The LIV Golf’s “propaganda” lobbying efforts were not well received by some Republicans

It appears that Greg Norman’s lobbying efforts for LIV Golf are not going well.

Rep. Tim Burchett (R-Ten) is said to have called Norman’s lunch with Republican Study Committee members on Wednesday “propaganda” and said the House should not spend its time with an association backed by the government of Saudi Arabia.

Why does LIV compress?

Norman Burchett, Representative Jim Jordan (R-India) and other members of the RSC met to try to sway their sentiments on the Department of Justice’s PGA Tour investigation of potential antitrust violations against LIV. The Department of Justice is reportedly looking to determine whether the PGA Tour has engaged in anti-competitive behavior to prevent golfers from playing in the rival league. The tour rejected these allegations.

LIV brought in a lot of famous golf stars and the PGA responded by banning all players leaving the tour. Phil Mickelson and other LIV golfers have since filed an antitrust lawsuit against the PGA, but that won’t see a trial until 2024.

LIV hired lobbying firm Hobart Hallaway & Quayle Venture in late August to assist with “education and issues related to professional golf in the United States and abroad” and “[p]Rotating the rights of professional golfers to play when and where they choose,” according to the official filing. That pressure appears to have started this week when a league spokesperson said in a statement, “LIV Golf is coming to Hill this week to meet with lawmakers from both parties.”

“Given the PGA Tour attempts to stifle our progress in reimagining the game, we believe it is necessary to educate members about the LIV business model and counteract the Tour’s anti-competitive efforts.”

Norman He is said to have already met with Senator Joe Manchin (D-WV)the only Democrat so far to speak with the CEO of LIV this week.

Liv can’t escape her Saudi backers

Burchett wasn’t the only one who wasn’t interested in Norman style. Fellow Rep. Chip Roy (R-Texas), also a member of the RSC, called on the Department of Justice to investigate possible LIV violations of the Foreign Agents Registration Act for not registering its relationship with Saudi Arabia.

“At this point, there is nothing wrong with the origin and purpose of the LIV Golf,” Representative Roy wrote in a statement to Attorney General Merrick Garlanden in July. “Saudi Arabia is funneling money through the Public Investment Fund (PIF) to stand on LIV Golf as a PR exercise. In other words, foreign government dollars are being used to promote that government’s brand and standing here in the United States.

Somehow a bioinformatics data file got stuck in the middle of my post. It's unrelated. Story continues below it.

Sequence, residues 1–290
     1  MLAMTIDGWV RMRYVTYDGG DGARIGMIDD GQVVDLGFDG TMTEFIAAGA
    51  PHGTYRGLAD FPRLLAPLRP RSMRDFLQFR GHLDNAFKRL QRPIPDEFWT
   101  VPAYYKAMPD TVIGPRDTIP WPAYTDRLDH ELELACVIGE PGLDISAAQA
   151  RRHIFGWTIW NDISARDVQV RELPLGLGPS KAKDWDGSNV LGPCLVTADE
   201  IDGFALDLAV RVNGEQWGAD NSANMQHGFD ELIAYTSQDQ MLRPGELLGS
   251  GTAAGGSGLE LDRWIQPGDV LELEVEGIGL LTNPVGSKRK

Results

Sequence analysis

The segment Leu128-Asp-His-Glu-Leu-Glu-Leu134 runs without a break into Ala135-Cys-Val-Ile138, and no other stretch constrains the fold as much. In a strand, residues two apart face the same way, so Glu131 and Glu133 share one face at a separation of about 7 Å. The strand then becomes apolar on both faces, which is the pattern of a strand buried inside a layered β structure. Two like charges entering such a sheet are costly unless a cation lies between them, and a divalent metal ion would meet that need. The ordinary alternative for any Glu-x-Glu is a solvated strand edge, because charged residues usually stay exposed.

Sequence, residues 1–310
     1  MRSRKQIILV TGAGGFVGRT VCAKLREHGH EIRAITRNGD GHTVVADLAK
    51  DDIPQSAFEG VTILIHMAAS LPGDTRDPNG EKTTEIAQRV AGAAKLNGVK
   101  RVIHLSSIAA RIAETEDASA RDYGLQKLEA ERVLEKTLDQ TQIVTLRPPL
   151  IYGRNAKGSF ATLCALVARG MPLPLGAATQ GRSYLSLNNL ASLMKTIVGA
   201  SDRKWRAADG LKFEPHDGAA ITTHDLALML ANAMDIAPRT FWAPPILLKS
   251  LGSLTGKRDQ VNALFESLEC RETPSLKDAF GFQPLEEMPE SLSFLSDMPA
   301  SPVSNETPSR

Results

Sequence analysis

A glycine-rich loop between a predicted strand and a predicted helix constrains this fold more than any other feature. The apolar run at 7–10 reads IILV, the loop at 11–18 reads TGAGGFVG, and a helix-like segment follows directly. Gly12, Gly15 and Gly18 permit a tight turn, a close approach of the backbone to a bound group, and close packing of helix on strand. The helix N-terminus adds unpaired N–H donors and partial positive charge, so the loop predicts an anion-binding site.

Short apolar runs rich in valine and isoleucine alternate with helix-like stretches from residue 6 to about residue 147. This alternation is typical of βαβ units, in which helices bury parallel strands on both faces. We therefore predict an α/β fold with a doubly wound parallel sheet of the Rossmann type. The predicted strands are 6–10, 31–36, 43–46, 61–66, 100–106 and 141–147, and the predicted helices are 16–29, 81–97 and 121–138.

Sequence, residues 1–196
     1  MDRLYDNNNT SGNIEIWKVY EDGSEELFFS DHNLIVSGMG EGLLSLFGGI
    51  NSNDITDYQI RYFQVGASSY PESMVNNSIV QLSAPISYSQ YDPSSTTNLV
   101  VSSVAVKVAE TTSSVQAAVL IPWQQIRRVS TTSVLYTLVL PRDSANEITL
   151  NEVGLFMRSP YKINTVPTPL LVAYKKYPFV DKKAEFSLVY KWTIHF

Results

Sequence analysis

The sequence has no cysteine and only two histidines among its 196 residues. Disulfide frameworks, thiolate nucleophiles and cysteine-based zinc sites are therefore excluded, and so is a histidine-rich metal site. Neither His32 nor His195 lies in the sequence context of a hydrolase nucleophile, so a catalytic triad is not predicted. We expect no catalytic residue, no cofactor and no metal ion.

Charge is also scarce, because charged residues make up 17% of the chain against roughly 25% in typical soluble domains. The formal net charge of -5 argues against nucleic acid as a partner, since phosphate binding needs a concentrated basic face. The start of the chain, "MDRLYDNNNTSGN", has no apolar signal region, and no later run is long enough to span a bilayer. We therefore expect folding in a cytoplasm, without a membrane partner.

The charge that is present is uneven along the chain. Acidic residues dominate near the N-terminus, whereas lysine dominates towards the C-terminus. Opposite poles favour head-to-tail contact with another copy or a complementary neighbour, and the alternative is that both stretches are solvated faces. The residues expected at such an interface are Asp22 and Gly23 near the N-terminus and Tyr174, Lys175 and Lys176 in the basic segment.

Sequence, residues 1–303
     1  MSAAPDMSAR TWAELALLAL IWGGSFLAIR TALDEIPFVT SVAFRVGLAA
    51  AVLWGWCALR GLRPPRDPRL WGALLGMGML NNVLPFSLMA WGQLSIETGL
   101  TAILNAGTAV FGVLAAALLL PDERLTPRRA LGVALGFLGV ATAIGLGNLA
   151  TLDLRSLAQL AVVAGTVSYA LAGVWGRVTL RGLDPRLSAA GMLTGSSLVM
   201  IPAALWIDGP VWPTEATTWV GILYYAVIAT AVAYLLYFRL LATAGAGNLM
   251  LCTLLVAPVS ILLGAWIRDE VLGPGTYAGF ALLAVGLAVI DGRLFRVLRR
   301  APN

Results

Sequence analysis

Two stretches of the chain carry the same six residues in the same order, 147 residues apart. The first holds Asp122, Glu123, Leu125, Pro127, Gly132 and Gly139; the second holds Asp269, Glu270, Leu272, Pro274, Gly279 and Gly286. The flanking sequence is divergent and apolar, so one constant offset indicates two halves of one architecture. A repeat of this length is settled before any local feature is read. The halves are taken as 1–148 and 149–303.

“…the American people deserve to know the depth and breadth of Saudi Arabia’s unprecedented public relations and political activities through its LIV Golf.”

What Roy effectively refers to is sports washing – a term that basically means that Saudi Arabia is trying to cover up its countless human rights abuses through extravagant sporting events. The government has already invested billions of dollars in rival golf leagues and lured some of the biggest stars with six-figure paychecks before they even went on a course.

As Burchett mentioned in his first tweet, Saudi Arabia has recently become infamous for its involvement in the murder of Washington Post journalist Jamal Khashoggi. Mickelson – the league’s most prominent golfer – even admitted that he understood the “scary” business partners who were paying him millions of dollars and the atrocities of the Saudi government. But that didn’t stop Mickelson or others from taking the money.

LIV has just concluded its fifth tournament of the year in Chicago. It has yet to secure a major streaming platform other than Facebook Live, YouTube, DAZN, and a few international outlets.

LIV Golf’s lobbying efforts have so far failed. (Jimmy Sabao-USA Today Sports)

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